“Since he can’t be on the practice court or the game floor, he’s going to have to share his wisdom,” Wizards coach Scott Brooks said of the 14-year veteran.

Howard stepped onto Washington’s practice court Thursday for the first time since undergoing back surgery on Nov. 30. The veteran center began his rehab work in his native Atlanta before rejoining the team.

“He feels great. Said he has no pain,” Brooks said of Howard. “That’s good. That’s part of the process.”

For now Howard remains limited to non-contact work and is perhaps weeks away from game action.

Brooks intends on putting him to work regardless by having Howard impart his NBA insight onto Washington’s young big men, Thomas Bryant and Bobby Portis.

“The guy has a lot of experience. A lot of years under his belt,” Brooks said of Howard, an eight-time All-Star. “Now he has the ability to be around our guys every day. [Bryant and Portis] have to be a sponge. They have to pick everything up.”

Bryant, 21, replaced the injured Howard as Washington’s starting center. The Wizards acquired Portis, 24, on Feb. 6 in a multi-player trade that sent Otto Porter to the Chicago Bulls. Bryant and Portis, both restricted free agents this summer, represent Washington’s best interior options now and perhaps key building blocks going forward.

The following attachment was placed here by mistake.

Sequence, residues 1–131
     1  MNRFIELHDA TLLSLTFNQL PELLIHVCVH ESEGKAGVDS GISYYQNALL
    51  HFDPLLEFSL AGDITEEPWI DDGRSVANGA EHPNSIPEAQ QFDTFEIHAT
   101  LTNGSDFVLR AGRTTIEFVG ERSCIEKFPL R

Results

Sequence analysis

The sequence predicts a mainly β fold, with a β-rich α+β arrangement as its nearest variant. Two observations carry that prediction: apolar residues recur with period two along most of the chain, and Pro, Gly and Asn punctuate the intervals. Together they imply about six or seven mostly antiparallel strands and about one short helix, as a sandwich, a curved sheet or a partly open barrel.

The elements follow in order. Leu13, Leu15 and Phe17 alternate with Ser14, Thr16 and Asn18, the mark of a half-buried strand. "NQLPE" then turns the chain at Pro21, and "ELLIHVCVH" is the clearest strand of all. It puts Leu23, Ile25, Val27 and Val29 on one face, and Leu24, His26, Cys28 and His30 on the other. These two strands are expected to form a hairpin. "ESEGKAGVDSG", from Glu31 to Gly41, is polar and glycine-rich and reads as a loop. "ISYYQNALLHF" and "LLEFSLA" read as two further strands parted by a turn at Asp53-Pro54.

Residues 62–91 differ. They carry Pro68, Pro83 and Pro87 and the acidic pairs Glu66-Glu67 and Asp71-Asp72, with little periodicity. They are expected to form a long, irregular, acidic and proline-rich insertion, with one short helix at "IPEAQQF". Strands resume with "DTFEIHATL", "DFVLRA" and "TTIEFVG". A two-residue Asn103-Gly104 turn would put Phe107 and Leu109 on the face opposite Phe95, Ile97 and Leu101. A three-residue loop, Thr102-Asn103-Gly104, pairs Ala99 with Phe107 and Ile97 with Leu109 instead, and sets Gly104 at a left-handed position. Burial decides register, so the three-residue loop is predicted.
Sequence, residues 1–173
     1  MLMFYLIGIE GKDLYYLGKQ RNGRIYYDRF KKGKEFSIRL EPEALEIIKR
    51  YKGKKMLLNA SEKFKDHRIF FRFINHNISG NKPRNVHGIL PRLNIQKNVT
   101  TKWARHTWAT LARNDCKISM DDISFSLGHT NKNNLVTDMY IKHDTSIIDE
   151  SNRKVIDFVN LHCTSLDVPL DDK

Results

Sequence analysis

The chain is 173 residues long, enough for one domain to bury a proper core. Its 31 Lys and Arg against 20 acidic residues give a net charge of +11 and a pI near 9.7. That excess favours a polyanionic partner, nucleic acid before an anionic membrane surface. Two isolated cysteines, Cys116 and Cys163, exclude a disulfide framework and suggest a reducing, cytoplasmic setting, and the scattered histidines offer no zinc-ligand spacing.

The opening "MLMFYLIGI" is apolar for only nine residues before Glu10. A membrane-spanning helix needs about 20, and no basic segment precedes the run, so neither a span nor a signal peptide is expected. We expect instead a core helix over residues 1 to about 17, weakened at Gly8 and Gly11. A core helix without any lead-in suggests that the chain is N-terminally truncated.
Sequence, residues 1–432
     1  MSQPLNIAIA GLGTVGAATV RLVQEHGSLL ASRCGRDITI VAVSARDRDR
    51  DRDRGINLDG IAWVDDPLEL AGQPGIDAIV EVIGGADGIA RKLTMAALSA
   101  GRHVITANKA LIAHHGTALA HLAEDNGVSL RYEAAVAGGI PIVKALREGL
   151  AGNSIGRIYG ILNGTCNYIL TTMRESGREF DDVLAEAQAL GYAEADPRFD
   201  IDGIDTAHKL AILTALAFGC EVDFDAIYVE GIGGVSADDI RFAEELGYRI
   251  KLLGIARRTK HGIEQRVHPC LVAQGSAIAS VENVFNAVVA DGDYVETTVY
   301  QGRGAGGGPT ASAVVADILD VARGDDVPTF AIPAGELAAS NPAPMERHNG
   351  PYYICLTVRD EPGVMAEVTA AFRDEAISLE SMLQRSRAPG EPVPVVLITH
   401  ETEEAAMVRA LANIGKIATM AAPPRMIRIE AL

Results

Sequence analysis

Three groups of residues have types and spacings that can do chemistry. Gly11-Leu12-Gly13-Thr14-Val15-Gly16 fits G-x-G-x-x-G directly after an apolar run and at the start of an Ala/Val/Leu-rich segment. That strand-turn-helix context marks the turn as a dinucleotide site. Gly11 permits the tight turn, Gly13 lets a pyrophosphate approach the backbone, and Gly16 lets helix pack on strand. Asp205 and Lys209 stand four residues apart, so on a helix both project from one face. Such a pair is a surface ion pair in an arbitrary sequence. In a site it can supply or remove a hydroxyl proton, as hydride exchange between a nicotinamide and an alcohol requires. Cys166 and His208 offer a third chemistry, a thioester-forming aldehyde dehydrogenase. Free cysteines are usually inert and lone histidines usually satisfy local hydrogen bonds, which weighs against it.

“You get better in this league by being around good veteran players that want to share their knowledge,” Brooks said, “and Dwight is going to be a guy that’s going to be able to do that for the next how many weeks until he gets on the court.”

Basic movements – sitting, for example – were issues for Howard pre-surgery. Brooks said he was not sure how much running Howard would do this week. He will start on the court solo. Eventually, a coach or three will work with Howard for 5-on-0 drills. Full contact practice with teammates comes later.

Howard was seen shooting free throws after practice concluded. Injured players are not required to speak with the media until participating during an official practice.

For now, the coach took pleasure in welcoming the projected opening game starter back to town.

“It was good to see him, good to have him back,” Brooks said. “He did some treatments and then did some work on the court, light shooting. That’s about it. It’s good to have him back. He has a good way about him. He’s always positive, always has a good spirit about him.”

Integrating the low-post presence into the small-ball approach Brooks leaned with Howard sidelined becomes a curious topic. That’s for later, perhaps weeks away, as the coach suggested. The playoff-pushing Wizards must forge on without Howard, who has played in only nine games this season.

Washington (24-34), 11th in the Eastern Conference and three games back of Detroit for the eighth and final playoff spot, has 24 games remaining in the regular season.